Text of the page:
KENT NARROWS - Buoyed by a victory in the U.S. Senate this week, Maryland's seafood processors turned their attention yesterday to winning House of Representatives approval for a visa program they say is crucial to the survival of the Chesapeake Bay's signature industry.
More than two dozen operators of crab-picking houses from throughout the
Eastern Shore met here with Sen. Barbara A. Mikulski, who got legislation
through the Senate on Tuesday that would allow foreign workers who have held
crab-picking and other seasonal jobs to return to their temporary positions.
Mexico - can enter the U.S. as early as next month to work
during the crab season, then return to their homes.
"We convinced the Senate to see it our way, so now we just have to keep it
moving," said Jay Newcomb, who runs Phillips Seafood on Hoopers Island.
Mikulski generated bipartisan support to get the measure through the
Senate, 94-6, as an amendment to key supplemental spending bill that contains
money for, among other programs, the Iraq war and tsunami victims in East
Asia. She said yesterday that a conference committee could begin meeting as
soon as next week to work out differences in the spending bill.
"I'm here with my seafood processors and my watermen to declare a victory,"
Mikulski said. "I believe we can pass this bill and the president will sign
it. We believe we have nationwide support."
For the first time since the seasonal visa program began in 1990, most of
the Shore's seafood processors were not able to get visas this year for
workers they have come to depend upon to pick crab meat harvested by Maryland
watermen. Only four of 25 crab picking houses received their allotment of
visas this year.
The visa program, known as H2B, has allowed 66,000 foreign workers in the
country each year to hold temporary jobs. But industries in other states are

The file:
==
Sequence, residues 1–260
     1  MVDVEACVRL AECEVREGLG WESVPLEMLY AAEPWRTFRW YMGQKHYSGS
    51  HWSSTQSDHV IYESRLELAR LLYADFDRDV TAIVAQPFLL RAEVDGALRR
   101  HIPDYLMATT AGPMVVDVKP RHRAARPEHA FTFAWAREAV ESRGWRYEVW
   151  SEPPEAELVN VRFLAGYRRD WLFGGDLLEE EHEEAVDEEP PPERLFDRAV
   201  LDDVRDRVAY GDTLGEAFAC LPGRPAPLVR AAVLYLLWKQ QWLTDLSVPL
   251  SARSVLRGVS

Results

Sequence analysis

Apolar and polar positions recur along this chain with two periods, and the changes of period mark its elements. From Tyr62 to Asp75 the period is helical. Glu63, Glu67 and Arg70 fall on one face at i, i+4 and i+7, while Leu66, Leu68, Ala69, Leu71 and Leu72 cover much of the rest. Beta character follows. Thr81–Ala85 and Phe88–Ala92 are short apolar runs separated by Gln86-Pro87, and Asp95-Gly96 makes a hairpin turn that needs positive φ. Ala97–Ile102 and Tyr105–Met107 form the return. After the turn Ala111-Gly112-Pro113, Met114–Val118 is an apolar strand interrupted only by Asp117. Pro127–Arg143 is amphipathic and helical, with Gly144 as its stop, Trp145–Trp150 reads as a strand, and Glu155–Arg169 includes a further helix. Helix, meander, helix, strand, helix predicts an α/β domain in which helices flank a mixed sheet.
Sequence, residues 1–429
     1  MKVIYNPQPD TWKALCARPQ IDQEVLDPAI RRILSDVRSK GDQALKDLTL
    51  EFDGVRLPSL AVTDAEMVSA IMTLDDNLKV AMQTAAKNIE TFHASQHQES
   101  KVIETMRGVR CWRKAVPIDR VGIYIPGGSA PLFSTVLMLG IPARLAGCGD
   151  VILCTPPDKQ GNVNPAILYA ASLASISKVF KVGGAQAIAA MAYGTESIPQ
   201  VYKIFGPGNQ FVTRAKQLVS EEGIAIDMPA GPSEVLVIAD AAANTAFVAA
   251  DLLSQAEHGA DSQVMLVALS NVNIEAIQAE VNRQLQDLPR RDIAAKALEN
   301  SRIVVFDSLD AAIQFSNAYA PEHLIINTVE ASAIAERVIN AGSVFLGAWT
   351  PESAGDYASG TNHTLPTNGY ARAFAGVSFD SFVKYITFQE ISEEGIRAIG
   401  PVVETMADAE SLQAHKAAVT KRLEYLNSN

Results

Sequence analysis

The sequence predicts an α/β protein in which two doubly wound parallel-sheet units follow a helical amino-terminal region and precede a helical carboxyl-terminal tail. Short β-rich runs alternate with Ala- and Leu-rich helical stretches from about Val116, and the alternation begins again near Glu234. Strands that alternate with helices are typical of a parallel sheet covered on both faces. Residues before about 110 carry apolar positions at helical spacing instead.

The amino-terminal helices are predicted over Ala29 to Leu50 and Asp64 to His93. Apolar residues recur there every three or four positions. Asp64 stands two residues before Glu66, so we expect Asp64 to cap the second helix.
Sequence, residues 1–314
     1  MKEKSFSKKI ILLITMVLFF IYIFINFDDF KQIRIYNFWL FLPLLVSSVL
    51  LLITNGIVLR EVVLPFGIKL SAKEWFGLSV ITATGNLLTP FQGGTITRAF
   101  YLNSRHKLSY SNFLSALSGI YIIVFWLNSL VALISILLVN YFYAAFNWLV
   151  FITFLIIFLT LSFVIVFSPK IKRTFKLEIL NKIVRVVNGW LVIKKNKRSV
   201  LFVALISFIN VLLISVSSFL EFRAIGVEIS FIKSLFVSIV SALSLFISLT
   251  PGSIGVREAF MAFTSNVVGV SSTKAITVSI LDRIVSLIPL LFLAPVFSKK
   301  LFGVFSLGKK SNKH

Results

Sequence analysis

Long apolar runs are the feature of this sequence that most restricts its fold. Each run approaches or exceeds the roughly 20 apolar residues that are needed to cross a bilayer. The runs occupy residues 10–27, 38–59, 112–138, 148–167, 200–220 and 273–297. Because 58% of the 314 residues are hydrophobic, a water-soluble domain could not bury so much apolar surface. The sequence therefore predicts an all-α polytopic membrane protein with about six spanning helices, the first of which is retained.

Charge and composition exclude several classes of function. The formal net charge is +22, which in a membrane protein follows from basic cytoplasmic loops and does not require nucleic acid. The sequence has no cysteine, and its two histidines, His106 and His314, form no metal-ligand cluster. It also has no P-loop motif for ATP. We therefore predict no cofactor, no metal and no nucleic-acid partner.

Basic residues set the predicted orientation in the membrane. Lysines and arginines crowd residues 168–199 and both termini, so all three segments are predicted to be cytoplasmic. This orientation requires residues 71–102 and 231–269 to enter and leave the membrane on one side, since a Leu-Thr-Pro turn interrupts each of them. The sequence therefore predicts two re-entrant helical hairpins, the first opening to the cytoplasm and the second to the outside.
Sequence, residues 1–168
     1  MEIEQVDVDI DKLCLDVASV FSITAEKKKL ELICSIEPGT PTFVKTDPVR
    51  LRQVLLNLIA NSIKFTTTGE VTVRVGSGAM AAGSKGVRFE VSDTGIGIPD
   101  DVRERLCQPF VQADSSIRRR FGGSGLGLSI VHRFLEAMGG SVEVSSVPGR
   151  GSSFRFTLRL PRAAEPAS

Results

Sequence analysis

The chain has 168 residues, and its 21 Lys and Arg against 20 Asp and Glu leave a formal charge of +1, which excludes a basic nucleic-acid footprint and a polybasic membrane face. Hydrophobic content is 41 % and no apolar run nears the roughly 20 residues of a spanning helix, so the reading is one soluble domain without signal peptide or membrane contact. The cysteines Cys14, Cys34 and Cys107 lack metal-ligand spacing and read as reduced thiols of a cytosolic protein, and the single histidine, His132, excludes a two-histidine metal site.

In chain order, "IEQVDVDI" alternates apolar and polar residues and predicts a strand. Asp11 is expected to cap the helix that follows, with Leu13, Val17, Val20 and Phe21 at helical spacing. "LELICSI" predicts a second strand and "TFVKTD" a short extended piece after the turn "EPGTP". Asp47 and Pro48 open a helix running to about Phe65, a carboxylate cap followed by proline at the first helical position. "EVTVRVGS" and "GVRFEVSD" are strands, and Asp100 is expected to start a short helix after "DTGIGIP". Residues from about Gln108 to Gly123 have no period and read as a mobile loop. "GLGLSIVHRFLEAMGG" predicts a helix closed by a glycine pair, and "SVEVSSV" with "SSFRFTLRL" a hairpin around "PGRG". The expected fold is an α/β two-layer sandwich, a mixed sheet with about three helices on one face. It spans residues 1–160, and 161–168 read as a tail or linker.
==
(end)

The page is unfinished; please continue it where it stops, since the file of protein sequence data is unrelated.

using so many workers that the limit was reached before East Coast seafood
processors - as well as landscapers, logging companies and the tourism
industry - could apply.
Mikulski's amendment would allow workers who have worked in the H2B program
to return to the temporary, non-agricultural jobs this year and next. The idea
is to give Congress time to work out comprehensive immigration reform. The
measure would also tighten anti-fraud rules and divide the 66,000 visas
equally among Western and East Coast states.
Seafood industry leaders said they are optimistic that the amendment will
move quickly in the conference committee, fast enough for workers to begin
arriving from Mexico as soon as the middle of next month. Mikulski will be on
the conference committee. She said lawmakers from Maryland, including Rep.
Wayne T. Gilchrest, an Eastern Shore Republican, and from other states
affected by the visa limits will lead the effort to line up support in the
"It's not done yet," said Cambridge processor Jack Brooks. "People told us
it takes six or seven years to get something like this through Congress.
Mikulski has helped us take a huge step. We're optimistic that it could be a
matter of a few weeks now for workers to start getting here."
Opponents in the House are wary of any bill allowing temporary seasonal
workers. Others fear the measure would allow them to take jobs from Americans.
"There is an urgent need for immigration reform," Mikulski said. "Our
borders are porous, but this H2B visa was one of the few programs that
So far, the lack of workers for the traditional start of the crab season,
which is April 1, has not made much difference in Maryland because low water
temperatures have kept crabs from becoming active. Once summer weather settles
in, however, watermen and the processors to whom they sell say they will be
idled without the temporary workers to pick and pack the crabs.
Virgil "Sonny" Ruark, who is a fourth-generation processor, said he has
received several phone calls from workers in Mexico who have returned for
years to jobs in his Hoopers Island picking house.
"I've told them things are looking good, and that we hope to get them back
here once everything gets approved," Ruark said. "It would be nice to know
they're only a phone call away."